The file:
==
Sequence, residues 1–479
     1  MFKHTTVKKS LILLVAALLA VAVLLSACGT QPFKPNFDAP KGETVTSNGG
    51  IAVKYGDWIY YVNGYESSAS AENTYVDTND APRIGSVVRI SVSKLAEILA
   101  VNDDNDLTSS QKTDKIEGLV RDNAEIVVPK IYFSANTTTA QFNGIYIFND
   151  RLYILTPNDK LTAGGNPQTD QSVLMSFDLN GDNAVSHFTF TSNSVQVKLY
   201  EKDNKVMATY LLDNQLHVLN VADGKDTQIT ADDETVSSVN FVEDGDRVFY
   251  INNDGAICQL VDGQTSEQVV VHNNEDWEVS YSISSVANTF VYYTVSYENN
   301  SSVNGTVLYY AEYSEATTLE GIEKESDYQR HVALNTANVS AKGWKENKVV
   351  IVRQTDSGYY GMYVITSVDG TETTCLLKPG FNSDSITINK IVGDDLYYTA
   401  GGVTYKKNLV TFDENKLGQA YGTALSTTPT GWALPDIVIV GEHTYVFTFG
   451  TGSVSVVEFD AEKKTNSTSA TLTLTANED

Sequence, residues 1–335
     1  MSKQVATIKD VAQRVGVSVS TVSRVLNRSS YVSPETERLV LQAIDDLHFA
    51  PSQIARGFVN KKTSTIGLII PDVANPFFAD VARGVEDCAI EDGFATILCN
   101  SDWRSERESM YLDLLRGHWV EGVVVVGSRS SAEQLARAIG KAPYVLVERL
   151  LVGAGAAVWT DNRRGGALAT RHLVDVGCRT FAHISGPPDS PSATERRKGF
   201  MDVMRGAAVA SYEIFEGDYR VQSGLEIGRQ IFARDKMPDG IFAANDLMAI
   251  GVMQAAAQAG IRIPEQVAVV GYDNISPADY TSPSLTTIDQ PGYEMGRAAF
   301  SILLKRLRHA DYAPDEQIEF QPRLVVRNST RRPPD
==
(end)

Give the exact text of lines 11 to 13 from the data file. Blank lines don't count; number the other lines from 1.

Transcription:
   451  TGSVSVVEFD AEKKTNSTSA TLTLTANED

Sequence, residues 1–335
     1  MSKQVATIKD VAQRVGVSVS TVSRVLNRSS YVSPETERLV LQAIDDLHFA